• A Hobbit a Wardrobe and a Great war


National Review: A Decades-Old Warning for Evangelical Christians Is More Relevant Than Ever


This article was originally posted at National Review.

In the years after the Second World War, an American theologian delivered a dire forecast about the future of Protestant Christianity. Unless the Evangelical church in America grappled with the great social questions of its time, warned Carl F. H. Henry, it “will be reduced either to a tolerated cult status” or become “a despised and oppressed sect” within two generations. That was in 1947.

Henry’s book, The Uneasy Conscience of Modern Fundamentalism, published 75 years ago, challenged the Evangelical church to tackle problems such as racism, materialism, economic injustice, and international aggression. Although himself a thoroughgoing Evangelical, Henry had worked as a reporter for the New York Times and got his Ph.D. in philosophy from Boston University. He was attuned to the issues that were shaping America’s future — and that demanded, in his view, a Christian response. “There is no room here for a gospel that is indifferent to the needs of the total man nor of the global man.”

For Henry, the post-war years brought those needs into focus. The 1940s saw the start of the civil-rights movement, as African Americans returned home from war to confront racial segregation; massive labor strikes, including a rail strike that triggered the intervention of federal troops; the formation of the United Nations to “save succeeding generations from the scourge of war”; and, at the international trials at Nuremberg, the startling revelations of Nazi atrocities.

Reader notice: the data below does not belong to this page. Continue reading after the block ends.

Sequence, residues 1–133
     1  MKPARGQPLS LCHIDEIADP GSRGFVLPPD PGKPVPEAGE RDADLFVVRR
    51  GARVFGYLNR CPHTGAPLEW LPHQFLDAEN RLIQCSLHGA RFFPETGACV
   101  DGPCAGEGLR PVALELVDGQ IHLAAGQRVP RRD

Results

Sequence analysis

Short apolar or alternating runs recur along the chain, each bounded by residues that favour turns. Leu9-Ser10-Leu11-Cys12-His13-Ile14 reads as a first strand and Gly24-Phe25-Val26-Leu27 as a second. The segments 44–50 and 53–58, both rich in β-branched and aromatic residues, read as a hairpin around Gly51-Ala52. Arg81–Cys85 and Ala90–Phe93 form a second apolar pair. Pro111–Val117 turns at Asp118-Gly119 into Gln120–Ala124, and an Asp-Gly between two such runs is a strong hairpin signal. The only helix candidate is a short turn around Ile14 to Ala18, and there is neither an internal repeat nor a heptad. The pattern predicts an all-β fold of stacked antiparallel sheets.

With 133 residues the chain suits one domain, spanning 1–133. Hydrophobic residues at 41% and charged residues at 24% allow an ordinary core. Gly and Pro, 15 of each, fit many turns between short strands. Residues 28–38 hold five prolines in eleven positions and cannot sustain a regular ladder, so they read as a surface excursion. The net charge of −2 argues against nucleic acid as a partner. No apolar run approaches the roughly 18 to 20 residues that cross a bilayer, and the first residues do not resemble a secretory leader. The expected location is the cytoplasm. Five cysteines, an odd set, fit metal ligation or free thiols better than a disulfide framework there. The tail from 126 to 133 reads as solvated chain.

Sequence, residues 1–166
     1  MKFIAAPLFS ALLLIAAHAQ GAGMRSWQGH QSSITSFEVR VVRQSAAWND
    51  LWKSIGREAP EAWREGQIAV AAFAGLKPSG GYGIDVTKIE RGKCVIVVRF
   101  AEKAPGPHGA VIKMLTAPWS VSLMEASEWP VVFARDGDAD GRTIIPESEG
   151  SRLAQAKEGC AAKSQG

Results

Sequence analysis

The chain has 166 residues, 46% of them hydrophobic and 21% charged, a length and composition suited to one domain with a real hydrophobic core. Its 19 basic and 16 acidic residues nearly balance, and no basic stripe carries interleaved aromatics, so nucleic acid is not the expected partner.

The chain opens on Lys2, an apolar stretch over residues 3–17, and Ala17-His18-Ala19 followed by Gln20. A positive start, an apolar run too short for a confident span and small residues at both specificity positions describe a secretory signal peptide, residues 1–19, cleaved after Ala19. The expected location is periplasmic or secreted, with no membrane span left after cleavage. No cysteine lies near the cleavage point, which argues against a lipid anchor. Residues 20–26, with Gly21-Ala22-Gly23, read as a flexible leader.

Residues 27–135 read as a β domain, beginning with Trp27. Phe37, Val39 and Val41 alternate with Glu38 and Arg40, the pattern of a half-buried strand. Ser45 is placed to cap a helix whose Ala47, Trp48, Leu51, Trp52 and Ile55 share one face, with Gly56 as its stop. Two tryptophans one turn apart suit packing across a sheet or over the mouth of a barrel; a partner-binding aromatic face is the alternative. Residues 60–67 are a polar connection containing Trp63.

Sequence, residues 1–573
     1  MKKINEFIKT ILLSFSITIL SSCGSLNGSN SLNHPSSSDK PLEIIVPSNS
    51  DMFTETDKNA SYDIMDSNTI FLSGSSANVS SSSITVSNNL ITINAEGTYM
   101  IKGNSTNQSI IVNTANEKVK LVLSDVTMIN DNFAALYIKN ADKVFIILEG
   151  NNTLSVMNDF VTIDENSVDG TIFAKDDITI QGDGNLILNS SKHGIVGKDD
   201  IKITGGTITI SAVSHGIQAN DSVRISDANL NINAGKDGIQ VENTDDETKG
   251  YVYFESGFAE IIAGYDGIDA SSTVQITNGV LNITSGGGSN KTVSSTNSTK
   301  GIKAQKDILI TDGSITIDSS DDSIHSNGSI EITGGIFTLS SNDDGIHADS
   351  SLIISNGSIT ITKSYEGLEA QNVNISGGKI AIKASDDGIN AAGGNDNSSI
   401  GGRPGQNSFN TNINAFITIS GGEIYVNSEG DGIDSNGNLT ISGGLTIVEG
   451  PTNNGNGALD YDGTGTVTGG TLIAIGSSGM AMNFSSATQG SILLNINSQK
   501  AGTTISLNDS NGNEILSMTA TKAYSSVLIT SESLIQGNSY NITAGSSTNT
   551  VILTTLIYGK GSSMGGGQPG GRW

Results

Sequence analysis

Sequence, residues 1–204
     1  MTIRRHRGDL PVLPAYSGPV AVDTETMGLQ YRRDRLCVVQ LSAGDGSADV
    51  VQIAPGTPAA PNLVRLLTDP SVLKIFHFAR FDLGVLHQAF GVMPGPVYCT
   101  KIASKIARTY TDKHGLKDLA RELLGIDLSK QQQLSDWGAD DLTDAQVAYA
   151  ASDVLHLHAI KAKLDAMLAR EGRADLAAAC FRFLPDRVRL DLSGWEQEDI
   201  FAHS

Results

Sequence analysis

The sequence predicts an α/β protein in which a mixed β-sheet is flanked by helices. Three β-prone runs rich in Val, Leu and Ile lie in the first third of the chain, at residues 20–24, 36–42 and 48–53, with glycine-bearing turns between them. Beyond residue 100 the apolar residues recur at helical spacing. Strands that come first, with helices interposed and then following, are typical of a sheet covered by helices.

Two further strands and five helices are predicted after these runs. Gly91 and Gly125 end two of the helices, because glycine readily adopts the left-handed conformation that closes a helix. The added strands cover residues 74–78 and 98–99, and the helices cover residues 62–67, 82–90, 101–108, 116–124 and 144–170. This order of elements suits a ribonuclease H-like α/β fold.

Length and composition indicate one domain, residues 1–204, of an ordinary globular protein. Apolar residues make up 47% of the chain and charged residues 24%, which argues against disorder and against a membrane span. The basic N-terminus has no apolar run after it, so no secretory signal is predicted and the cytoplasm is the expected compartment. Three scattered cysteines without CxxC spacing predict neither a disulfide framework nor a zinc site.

Yet, as Henry observed, American fundamentalism had adopted habits of thought that isolated the Christian message from the central debates of the modern world. The broader Evangelical movement, he warned, was in danger of making the same mistake. He recalled a meeting with more than 100 Evangelical pastors and asking how many of them, in the previous six months, had preached a sermon addressing problems such as “aggressive warfare,” “racial hatred and intolerance,” or “exploitation of labor.” The result: “Not a single hand was raised in response.”

The church of the apostolic age, Henry explained, transformed the culture of pagan Rome because it offered a compelling and aspirational vision of human life. By contrast, he said, modern fundamentalism had reduced the gospel message to one of condemnation: “Whereas once the redemptive gospel was a world-changing message, now it has narrowed to a world-resisting message.”

The rise of the “social gospel” — the attempt by liberal Protestantism to address social ills while downplaying the biblical doctrines of individual sin and redemption — led to a backlash:

Fundamentalism, in revolting against the Social Gospel, seemed also to revolt against the Christian social imperative. It was the failure of Fundamentalism to work out a positive message within its own framework, and its tendency instead to take further refuge in a despairing view of world history, that cut off the pertinence of evangelicalism to the modern global crisis.